Blue Strikes Back, or If My Whistle Could Talk

Real Talk:  I love what I do.  Sports’ officiating is not only a fun job, it’s an important job.  Whether the games are played by little kids, teenagers, or adult men/women, the officials play an important part in managing games that mean a lot to its participants.  They uphold the integrity of live competition. 

As a fan of sport, and a former participant as a youth and adult, I understand the fun, the passion and the intensity when competing.  Often part of the art and drama of sports is the give and take between players/coaches and officials.  Some try to bully officials.  Some are more cunning.  I welcome some give and take because it’s a part of the game.  I expect players to gripe a little in the heat of battle.  I expect coaches to try to ‘work’ me into giving them the next call to their advantage.  Games are as much psychological as they are physical.  You have to have thick skin in this business to be successful as a competitor or official.

 

Still, every once in a while I find it funny how some of the players and coaches I work with take the give and take a little too far.   Most good officials take a lot more than they give in the first place.  We can’t get caught up in too much conversation even as we try to respect dialogue.  There are times when the chatter I hear is ridiculous.  The verbal assaults can clearly get out of hand.

While doing men’s basketball game recently one team in particular whined and bitched throughout the entire contest.  Several comments were made not only questioning our abilities as referees, but also our character.  Two of their players ended up being tossed from the contest.  And even after the game they persisted to make excuses for the ass whoopin’ they just endured.

But what if the tables were turned?  What if there was actually equal access to criticize?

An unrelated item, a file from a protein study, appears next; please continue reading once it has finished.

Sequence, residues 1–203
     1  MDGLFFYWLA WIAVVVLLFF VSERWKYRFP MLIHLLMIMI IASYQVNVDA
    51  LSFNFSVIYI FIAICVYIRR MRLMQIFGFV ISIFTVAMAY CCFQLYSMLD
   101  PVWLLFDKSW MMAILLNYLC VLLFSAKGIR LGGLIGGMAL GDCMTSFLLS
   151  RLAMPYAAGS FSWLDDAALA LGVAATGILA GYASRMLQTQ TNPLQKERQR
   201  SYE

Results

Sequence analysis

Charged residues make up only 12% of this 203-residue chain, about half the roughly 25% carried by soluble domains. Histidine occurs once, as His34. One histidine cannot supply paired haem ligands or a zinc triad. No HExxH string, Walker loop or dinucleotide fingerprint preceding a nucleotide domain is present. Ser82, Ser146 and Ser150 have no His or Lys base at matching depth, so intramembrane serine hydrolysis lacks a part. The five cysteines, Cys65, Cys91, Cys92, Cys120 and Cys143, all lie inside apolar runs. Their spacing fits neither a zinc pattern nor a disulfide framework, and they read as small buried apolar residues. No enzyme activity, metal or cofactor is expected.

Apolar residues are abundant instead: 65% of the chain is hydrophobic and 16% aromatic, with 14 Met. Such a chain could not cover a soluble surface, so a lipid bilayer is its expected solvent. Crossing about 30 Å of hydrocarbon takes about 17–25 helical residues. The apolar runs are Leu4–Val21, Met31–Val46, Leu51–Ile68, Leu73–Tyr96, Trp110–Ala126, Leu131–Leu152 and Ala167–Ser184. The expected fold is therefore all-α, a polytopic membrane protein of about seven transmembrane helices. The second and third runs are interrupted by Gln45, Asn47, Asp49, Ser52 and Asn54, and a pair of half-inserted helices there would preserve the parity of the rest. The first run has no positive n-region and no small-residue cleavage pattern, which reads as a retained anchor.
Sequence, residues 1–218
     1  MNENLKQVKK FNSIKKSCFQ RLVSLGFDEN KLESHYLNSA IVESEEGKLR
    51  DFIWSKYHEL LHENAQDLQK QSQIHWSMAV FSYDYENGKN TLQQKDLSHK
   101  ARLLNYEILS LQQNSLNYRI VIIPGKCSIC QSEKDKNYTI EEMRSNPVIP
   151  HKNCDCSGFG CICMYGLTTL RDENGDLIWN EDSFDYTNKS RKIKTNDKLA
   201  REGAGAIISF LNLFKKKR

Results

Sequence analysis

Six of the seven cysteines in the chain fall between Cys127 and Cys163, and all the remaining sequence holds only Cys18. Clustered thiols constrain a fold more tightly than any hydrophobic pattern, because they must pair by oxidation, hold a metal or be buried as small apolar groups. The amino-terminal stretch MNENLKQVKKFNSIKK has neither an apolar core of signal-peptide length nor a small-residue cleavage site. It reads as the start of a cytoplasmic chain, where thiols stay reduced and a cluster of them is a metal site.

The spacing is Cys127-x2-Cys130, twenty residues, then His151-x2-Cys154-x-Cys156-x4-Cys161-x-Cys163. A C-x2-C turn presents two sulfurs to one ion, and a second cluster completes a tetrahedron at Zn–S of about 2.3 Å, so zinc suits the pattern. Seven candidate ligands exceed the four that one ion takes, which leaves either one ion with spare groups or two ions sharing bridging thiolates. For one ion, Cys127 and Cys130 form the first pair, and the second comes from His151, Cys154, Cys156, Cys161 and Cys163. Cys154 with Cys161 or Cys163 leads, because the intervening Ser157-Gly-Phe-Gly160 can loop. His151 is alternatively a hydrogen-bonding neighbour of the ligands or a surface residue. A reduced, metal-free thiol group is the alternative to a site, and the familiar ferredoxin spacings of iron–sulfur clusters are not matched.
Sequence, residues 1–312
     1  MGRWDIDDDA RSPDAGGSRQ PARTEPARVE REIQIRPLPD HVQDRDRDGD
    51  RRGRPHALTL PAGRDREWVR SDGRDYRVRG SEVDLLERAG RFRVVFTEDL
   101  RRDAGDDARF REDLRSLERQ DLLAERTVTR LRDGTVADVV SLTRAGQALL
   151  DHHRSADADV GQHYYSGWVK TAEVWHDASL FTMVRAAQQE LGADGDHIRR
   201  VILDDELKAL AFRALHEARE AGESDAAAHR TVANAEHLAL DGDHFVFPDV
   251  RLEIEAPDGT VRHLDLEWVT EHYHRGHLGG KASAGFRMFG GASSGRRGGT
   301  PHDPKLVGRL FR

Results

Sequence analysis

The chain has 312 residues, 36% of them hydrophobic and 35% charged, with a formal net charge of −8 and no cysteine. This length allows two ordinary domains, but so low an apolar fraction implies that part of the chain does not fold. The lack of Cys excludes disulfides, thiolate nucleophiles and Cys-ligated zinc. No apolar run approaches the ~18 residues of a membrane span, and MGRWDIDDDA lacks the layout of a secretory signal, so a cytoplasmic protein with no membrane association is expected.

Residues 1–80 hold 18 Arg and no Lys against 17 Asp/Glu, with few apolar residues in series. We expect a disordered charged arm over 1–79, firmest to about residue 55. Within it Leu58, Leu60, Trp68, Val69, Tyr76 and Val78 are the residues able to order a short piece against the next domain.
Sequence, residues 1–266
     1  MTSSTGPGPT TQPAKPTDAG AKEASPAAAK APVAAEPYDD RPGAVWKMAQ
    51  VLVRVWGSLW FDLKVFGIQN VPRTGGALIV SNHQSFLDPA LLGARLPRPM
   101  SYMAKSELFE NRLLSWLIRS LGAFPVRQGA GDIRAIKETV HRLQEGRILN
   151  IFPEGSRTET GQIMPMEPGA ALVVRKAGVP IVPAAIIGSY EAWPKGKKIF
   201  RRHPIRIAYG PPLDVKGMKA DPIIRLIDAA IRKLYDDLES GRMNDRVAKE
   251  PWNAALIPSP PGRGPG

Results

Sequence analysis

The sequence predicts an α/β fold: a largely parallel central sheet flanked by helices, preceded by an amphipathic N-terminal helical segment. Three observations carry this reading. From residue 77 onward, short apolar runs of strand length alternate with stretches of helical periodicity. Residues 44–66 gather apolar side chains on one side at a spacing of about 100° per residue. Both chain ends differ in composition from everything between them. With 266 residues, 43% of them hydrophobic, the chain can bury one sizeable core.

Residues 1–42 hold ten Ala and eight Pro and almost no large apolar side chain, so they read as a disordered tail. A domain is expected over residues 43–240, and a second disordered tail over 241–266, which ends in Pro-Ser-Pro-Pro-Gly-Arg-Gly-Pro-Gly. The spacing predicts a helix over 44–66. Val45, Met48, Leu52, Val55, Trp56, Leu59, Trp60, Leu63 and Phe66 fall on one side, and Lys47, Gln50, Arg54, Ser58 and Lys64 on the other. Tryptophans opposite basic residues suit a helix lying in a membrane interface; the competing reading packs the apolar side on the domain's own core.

I posed this question to one the whining players who kept at us as my partner and I were changing to leave the gym.

“You know what?   I can do what you do.  But you can’t do what I do.  You’re not qualified to do my job.  But what if I in the course of the game could talk to you the way you talk to me.  What if I critiqued your every move on this court, your missed shots, turnovers, every time your man scored on you?  What if I walked up and down the court saying, ‘What a lousy pass that was?  Your defense is shit.  You can’t shoot so why do you continue to try?  Coach, your game plan sucks and you can’t coach worth a damn!  Hang it up!’  Believe me I see it every week!  It’s not like I don’t notice.  But you spend so much time critiquing my every call or no call.  He had no answer for that. 

I’m umpiring a youth fall baseball league in a well to do area.  Some of the kids on the teams are sons of St. Louis Cardinals, Rams or Blues players.  Some of them are pretty good while others not so.  Some of them are good kids who love to play the game.  Some think they are automatically following in their father’s athletic footsteps. 

 

Anyway, I’m behind the plate and this one kid has Albert Pujol’s stance down to the tee.  (Not Albert’s son) He’s posin’ it real good but refuses to swing unless the ball crosses the middle of the plate.  I’m calling corner strikes and he’s huffin’ and puffin’ openly showing off his disapproval.  Later towards the end of the game, one of his teammates ducks out of the way of a pitch on the inside corner of the plate like it’s a missile.  (STRIKE!)  He turns and shows his frustrations with some grunts and rumblings under his breath.  Then he barks, “Hey – where was that blue?”  My response,  “It was in the strike zone that’s where it was.  Besides that, you are up 17-2.  Swing the bat and stop ducking the ball like you’re scared.”  He struck out and that was that.  But what if I said what I really wanted  to say.  It would have been pretty much the same except I would have added.. ‘Smart ass lil fucka!  Now shut yo punk ass up before I take my belt off and whip ya right here at home plate!’ on the end of it.  Here he was 11 years old trying to ‘big time’ me in front of his teammates and the fans.